At the novitiate in India

The novitiate cat

The novitiate cat

The day starts early in the novitiate with rising at 5:00 am, that’s about a half hour earlier then Eluru. In part it’s the result of having a half hour meditation at 5:30 am before 6:00 am morning prayers followed by Mass at 6:30 am. At the moment I’m the only priest in the house as the novice master, house treasurer and the two priests assignedto our nearby Sacred Heart parish are all on this week’s retreat. Since that’s the case our morning Mass crowd more then doubled from the norm. One of the priests from the house staff usually says Mass at a nearby convent so this week while the retreat is going on they walk over here to our chapel for Mass.

The convent is a house for aspiring sisters, their equivalent of our postulancy program. I must say their habit added a lot of color to our prayer gathering. The Asha Deepam Sisters (Aloysius Gonzaga Sisters)dress in a habit typical of an Indian women. I’ve noticed a number of Indian woman’s communities have adopted this style of dress and it may be they are communities founded here in India though I’m sure that’s not true for all groups.

Speaking of religious, the other day I was reading an article that pointed out that India is fast becoming the religious capital of the world. I’m not sure just how many men and women religious there are in In India in addition to the diocesan clergy. I do know the Indian Jesuit community has now passed the US as the largest single national group within the Jesuit community.

This morning at Tiflin I asked Jesu if he (the novices) are counting the days. Their first profession is on May 1st. He laughed and said not always, but then let me know there are now 45 days to go! Counting these closing days did not surprise me. The novitiate year is a once-in-a-lifetime experience but it’s a stage in life not meant to last. The novices have been at it now for just about a full year. The district has their novices enter at the end of March or early April so that in effect the novitiate year is 13 months long when the legal requirement is for one full year (365 days).

There are 10 novices in this group, which makes it one of the bigger novitiate classes, at least in the last few years. Next year there will be six and I think they are planning for seven new postulants. It won’t be much of a change for the new novices as they’ve spent their postulancy year right here at the novitiate under the direction of Fr. Christy Peter, SCJ.

While they were housed in the same complex their schedules were very different. For example, the postulants ate their midday meal at 12:00 pm and the novices at 12:30 pm. In part it had to do with the novices eating both breakfast and their noon meal in silence while the postulants were not under the same restriction.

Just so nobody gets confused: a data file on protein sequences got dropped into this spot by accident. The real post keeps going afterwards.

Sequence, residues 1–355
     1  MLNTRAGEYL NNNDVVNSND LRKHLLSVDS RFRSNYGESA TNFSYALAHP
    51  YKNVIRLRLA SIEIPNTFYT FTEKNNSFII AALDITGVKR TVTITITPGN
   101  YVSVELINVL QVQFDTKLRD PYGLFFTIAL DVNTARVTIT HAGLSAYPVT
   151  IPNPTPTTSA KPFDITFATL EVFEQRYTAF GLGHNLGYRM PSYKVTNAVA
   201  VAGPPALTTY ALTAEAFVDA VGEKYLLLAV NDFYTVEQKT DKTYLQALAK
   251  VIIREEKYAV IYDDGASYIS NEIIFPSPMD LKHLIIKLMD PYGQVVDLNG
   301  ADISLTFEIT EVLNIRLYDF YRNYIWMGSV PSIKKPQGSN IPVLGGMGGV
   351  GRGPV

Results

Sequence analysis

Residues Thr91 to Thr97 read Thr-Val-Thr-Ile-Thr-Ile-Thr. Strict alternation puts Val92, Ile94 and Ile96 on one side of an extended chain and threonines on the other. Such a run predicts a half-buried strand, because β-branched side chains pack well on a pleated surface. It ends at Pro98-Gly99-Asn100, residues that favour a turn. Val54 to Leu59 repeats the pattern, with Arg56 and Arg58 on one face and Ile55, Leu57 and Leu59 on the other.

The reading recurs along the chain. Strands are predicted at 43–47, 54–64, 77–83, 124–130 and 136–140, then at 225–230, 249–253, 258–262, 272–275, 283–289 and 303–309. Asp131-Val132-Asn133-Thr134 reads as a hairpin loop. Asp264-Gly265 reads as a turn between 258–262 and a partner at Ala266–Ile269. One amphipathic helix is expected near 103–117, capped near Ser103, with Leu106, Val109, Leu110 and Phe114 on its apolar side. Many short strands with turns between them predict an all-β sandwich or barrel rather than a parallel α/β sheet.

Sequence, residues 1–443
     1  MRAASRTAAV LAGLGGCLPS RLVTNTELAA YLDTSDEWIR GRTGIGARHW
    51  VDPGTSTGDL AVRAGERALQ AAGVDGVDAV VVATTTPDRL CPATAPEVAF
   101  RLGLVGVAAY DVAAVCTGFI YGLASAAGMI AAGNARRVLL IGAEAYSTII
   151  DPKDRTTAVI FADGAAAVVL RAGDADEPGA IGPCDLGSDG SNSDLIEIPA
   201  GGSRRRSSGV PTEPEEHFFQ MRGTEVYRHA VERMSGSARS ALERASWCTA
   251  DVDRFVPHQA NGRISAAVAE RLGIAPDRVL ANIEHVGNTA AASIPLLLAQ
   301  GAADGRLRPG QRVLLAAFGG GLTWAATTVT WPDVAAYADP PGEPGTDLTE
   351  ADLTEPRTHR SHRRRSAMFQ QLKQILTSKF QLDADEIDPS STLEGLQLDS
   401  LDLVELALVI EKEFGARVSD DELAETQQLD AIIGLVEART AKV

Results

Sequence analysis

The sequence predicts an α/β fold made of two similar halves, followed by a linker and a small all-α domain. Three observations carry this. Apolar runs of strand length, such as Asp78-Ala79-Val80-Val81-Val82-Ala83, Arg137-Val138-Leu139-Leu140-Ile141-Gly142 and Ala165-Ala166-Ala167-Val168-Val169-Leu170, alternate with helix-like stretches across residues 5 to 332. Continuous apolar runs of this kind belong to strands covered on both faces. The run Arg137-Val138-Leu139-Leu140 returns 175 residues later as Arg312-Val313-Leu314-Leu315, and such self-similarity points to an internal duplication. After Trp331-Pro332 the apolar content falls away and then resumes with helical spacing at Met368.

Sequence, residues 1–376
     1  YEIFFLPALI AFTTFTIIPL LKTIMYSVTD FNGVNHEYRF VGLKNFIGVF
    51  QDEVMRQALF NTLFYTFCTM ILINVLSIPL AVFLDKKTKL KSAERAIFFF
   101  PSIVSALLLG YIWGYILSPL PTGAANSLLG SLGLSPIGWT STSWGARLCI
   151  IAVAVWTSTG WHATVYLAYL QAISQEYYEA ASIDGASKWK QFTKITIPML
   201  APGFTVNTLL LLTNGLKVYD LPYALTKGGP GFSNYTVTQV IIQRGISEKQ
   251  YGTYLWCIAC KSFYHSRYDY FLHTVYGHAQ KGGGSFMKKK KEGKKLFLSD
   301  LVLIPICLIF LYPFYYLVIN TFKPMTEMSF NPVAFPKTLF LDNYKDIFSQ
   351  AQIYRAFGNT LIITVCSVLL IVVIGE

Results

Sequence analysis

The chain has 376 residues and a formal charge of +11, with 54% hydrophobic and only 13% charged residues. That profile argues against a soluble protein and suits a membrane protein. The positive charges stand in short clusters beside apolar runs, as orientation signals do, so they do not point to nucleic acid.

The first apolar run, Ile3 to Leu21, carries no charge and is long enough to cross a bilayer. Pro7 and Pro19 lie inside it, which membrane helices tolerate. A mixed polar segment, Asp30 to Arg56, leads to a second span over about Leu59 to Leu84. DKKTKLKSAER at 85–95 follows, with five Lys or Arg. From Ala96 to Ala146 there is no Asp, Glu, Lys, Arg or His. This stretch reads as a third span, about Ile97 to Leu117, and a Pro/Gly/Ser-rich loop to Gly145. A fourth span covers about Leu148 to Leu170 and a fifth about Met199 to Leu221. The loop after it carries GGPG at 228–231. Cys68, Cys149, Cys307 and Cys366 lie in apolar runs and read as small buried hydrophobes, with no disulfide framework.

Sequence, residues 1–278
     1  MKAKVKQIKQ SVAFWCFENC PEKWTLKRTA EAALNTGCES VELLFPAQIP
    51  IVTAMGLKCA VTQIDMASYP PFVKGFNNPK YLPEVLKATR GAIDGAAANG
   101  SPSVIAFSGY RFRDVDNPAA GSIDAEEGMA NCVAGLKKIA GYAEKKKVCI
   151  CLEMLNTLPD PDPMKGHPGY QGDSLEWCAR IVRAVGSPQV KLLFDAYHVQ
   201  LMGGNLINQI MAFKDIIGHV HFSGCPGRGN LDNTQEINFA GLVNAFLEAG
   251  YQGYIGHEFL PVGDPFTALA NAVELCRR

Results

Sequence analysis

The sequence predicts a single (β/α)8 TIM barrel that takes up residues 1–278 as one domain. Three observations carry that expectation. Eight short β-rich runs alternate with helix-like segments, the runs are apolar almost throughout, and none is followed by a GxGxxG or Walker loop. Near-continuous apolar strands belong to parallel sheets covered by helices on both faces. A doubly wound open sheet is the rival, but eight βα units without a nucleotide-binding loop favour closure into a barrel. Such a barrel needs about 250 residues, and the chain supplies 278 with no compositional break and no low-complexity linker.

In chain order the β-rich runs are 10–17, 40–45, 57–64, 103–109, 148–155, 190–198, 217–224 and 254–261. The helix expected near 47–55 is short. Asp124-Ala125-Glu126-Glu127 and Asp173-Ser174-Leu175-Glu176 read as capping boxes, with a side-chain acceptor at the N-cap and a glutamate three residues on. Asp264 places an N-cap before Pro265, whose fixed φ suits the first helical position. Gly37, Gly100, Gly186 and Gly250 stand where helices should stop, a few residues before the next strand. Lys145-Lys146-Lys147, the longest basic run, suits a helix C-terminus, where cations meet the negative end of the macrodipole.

A novice during the 2014 retreat

A novice during the 2014 retreat

This morning our classes on Our Rule of Life began. I think they are pretty well organized with the novices doing much of the work with the materials I have given them. I have to thank Fr. Jim Schroeder, SCJ for most of my materials. Jim has an intimate knowledge of Our Rule of Life having been at some of the chapters that worked on the text and then being responsible for the translation from French to English of the approved edition as well as seeing to its initial printing. He has also done some very good research into the history of the Rule as well as to its theological underpinnings.

Since the novices eat in silence for both breakfast and the noon meal I’ve decided to use his little booklet “A Safari in our Constitutions,” which Fr. Jim based on a retreat he gave to our SCJs in South Africa. We’ll begin that tomorrow morning. For today’s meals we listened to an hour lecture from “The Teaching Company” taken from a course by Robert Garland called The Other Side of History, or how the common man lived from pre-historic times through the middle ages. One of his last lectures describes the typical life of a pilgrim, especially in England. I thought we’d begin this way since on Sunday we’re going on a day-long pilgrimage to a Marian shrine. I did a four-day pilgrimage with this group to the shrine of Our Lady of Health at Vailankanni about this time last year.

I’m including two snapshots taken last year on our Lady of Health pilgrimage.

On retreat in 2014

On retreat in 2014

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